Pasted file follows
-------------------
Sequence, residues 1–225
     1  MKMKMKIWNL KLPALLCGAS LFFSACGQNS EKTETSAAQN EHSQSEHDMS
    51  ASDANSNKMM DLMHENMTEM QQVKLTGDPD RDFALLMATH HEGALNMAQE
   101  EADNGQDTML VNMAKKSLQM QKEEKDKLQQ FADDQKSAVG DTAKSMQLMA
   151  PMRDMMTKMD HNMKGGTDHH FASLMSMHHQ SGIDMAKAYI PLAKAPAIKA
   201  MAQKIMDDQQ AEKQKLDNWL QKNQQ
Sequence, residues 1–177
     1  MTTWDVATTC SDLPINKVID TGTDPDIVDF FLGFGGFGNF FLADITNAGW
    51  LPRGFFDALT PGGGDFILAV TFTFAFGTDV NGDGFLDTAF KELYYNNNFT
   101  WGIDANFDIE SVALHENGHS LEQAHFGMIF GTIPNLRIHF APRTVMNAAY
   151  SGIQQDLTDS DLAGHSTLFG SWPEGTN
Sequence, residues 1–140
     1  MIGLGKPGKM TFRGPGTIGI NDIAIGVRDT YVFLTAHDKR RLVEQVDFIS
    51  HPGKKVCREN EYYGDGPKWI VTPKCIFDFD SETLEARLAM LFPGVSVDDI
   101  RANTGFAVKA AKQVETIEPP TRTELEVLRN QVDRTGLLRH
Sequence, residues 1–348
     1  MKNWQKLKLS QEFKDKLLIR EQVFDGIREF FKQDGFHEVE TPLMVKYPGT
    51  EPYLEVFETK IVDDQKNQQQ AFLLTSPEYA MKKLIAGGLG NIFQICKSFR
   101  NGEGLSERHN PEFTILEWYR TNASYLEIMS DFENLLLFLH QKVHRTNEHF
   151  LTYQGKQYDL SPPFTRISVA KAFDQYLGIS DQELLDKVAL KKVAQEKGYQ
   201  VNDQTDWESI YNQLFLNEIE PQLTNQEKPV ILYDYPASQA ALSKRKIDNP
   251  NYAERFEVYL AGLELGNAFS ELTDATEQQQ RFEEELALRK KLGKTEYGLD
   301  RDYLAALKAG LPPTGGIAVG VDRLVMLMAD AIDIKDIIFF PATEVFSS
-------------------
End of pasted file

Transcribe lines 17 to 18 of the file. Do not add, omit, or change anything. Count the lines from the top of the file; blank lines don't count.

     1  MKNWQKLKLS QEFKDKLLIR EQVFDGIREF FKQDGFHEVE TPLMVKYPGT
    51  EPYLEVFETK IVDDQKNQQQ AFLLTSPEYA MKKLIAGGLG NIFQICKSFR